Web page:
100 Years

1918 - 2018

Marking the end of World War I

Miss Brown Comes Home

By Sandra Stirling

Miss Brown drew a deep breath, enjoying the scent of eucalyptus from the giant gums that surrounded her small house. She pulled the cardigan around her thin shoulders, moving to the edge of the verandah to stare at a sky filled with stars. How happy she was to be home.

World War I nurseLike the brave young men in her country town, she had answered the call to support the Mother Country in her time of hardship and war. Joining the Australian Army Nursing Service in 1916, she was sent by hospital ship to the Army camp on Lemnos Island.

Standing here now, in the comfort of her cottage, there were only echoes of the merciless winds that had lashed their tents, the freezing conditions, the lack of food and sleep while trying to treat the endless stream of wounded men. There had been no time to mourn the damage caused by machine gun bullets or the pneumonia or sepsis too often cruelly ending their young lives.

Only dimly now she recalled the days of staggering from the nurses' tent to the hut where the wounded lay, praying for the strength to perform her vital duties. And it was often only the camaraderie of the other nurses, with their bursts of laughter and wise-cracking comments that held her intact. But it was the painful image of her close friend, Edith, herself a young Australian nurse, dying of pneumonia she found the most difficult to erase. Perhaps though, it was her duty never to forget, given that her friend was without family.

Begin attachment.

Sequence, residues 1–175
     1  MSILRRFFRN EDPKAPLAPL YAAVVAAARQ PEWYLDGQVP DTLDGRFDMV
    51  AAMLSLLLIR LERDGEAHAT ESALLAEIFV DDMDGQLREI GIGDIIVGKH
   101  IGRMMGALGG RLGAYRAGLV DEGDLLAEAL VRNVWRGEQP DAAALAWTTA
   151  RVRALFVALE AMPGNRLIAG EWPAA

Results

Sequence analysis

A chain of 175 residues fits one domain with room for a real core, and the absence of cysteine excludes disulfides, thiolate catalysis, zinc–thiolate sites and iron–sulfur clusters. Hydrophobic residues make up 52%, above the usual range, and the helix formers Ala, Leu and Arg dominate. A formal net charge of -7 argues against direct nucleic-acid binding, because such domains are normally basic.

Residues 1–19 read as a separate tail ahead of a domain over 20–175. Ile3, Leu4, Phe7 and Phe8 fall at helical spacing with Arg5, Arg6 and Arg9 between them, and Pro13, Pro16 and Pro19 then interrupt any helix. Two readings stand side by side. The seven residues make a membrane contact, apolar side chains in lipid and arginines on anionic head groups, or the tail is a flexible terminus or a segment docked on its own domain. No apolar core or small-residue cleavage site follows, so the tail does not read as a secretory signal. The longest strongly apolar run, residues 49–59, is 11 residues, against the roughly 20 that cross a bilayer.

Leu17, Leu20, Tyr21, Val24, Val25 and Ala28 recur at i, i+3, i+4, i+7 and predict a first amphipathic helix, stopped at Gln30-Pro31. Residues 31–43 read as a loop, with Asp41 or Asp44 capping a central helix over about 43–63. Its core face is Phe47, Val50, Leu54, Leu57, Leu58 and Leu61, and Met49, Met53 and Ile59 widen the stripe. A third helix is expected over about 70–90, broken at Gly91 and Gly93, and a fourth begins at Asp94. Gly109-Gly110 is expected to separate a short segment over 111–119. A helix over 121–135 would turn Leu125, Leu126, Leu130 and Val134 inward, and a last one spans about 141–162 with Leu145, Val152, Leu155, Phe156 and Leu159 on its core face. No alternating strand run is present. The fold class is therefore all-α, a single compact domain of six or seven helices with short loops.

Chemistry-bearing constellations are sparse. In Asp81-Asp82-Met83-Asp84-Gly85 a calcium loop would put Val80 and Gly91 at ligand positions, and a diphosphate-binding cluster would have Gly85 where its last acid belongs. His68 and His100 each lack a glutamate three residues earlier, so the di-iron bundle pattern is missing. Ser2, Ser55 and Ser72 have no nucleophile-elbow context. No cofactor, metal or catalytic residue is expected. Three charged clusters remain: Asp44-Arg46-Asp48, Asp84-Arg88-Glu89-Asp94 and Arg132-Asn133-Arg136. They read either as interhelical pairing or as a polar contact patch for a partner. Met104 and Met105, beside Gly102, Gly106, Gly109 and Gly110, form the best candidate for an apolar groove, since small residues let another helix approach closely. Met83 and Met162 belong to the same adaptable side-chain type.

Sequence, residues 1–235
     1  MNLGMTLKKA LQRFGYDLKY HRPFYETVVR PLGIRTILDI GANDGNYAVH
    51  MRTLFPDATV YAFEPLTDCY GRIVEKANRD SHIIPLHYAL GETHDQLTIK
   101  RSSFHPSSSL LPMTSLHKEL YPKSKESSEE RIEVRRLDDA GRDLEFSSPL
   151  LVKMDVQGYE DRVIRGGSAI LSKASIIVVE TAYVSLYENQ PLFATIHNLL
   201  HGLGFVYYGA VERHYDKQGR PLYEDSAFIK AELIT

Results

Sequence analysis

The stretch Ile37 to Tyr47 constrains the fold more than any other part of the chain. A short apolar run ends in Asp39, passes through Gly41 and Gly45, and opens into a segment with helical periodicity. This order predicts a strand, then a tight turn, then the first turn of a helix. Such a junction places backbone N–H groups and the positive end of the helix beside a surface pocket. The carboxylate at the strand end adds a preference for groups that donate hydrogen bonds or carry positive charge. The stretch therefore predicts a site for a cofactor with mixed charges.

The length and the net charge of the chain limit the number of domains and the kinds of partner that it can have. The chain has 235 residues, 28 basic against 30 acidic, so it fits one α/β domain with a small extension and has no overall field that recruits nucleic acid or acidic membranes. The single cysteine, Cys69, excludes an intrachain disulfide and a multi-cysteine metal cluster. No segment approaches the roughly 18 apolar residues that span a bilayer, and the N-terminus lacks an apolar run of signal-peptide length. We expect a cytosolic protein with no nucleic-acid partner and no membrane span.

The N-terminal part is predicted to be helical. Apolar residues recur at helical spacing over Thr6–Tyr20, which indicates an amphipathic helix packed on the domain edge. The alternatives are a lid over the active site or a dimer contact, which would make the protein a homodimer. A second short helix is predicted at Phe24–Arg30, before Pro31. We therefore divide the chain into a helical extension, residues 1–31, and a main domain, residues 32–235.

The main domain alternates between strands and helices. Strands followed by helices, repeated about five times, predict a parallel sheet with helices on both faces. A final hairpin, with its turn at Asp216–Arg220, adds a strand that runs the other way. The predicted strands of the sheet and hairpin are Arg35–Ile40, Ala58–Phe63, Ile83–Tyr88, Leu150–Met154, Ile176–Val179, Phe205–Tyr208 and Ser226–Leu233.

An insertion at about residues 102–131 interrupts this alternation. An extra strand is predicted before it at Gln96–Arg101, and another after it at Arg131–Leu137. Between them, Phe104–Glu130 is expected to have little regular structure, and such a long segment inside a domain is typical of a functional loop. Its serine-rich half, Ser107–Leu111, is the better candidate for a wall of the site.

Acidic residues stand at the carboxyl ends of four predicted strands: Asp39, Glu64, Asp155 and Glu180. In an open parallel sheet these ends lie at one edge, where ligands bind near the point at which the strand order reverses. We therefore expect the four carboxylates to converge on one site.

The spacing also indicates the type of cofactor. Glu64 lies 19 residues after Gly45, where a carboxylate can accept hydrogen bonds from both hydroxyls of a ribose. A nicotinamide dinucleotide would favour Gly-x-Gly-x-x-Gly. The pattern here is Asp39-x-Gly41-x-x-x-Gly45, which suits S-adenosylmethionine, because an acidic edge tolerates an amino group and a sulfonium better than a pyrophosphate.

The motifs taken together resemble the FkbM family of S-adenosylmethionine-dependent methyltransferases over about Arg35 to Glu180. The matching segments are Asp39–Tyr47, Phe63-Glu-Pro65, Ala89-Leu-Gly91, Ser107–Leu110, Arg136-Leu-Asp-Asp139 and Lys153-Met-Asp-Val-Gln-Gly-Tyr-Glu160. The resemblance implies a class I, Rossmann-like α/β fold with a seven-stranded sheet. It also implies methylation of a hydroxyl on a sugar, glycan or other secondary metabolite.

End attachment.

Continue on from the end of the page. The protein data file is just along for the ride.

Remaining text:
On her return home, she had carefully washed and pressed her uniform, starched her veil and with her cape, folded the end of service life into the suitcase under her bed.

Over the months, she had slowly smothered her nightmares, healing coming from walks through the surrounding bush, the splashes of yellow from the wattles, and the remembered carolling of the magpies.

Bill, the timber merchant, had this morning delivered wood, chopped into manageable logs for the fireplace.
"How are you today, Mr Henry?" she had enquired, conscious of the wounds he carried from the war.
"Can't complain, Miss," he'd smiled, raising his cap. "Can't complain."
And the wonder was, he never did.

She brushed the quick swell of tears from her eyes before turning to walk inside. She was home, and she knew her recovery was well on the way.

Hospital ward, World War One

Sandra Stirling, 2018

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